Again, my thanks to all who have written. I hope constitutionalists will see state guard units as opportunities for service.

John Eidsmoe, a retired Air Force lieutenant colonel, holds the rank of colonel in the Alabama State Defense Force, is a professor at the Oak Brook College of Law & Government Policy, and serves as legal counsel for the Foundation for Moral Law.


The Militia Clauses

Clause 15. The Congress shall have Power * * * To provide for calling forth the Militia to execute the Laws of the Union, suppress Insurrections and repel Invasions.

Clause 16. The Congress shall have Power * * * To provide for organizing, arming, and disciplining, the Militia, and for governing such Part of them as may be employed in the Service of the United States, reserving to the States respectively, the Appointment of the Officers, and the Authority of training the Militia according to the discipline prescribed by Congress.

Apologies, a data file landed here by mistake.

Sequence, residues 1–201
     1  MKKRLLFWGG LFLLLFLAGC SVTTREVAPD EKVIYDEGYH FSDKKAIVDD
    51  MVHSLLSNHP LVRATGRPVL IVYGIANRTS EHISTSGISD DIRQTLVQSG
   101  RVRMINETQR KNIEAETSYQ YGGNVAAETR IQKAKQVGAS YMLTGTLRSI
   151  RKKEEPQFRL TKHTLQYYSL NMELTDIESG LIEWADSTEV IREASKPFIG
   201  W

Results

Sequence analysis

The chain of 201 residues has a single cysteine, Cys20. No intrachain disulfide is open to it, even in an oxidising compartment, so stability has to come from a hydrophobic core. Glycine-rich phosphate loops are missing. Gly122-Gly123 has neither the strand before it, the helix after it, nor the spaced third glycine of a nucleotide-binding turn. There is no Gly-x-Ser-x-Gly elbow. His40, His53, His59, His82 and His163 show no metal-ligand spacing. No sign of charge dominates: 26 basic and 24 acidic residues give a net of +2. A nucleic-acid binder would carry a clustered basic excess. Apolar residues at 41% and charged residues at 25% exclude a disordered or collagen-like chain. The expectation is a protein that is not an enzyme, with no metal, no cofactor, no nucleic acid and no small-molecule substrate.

Annotations

Calling Out the Militia

The states as well as Congress may prescribe penalties for failure to obey the President’s call of the militia. They also have a concurrent power to aid the National Government by calls under their own authority, and in emergencies may use the militia to put down armed insurrection. 1784 The Federal Government may call out the militia in case of civil war its authority to suppress rebellion is found in the power to suppress insurrection and to carry on war. 1785 The act of February 28, 1795, 1786 which delegated to the President the power to call out the militia, was held constitutional. 1787 A militiaman who refused to obey such a call was not “employed in the service of the United States so as to be subject to the article of war,” but was liable to be tried for disobedience of the act of 1795. 1788

Regulation of the Militia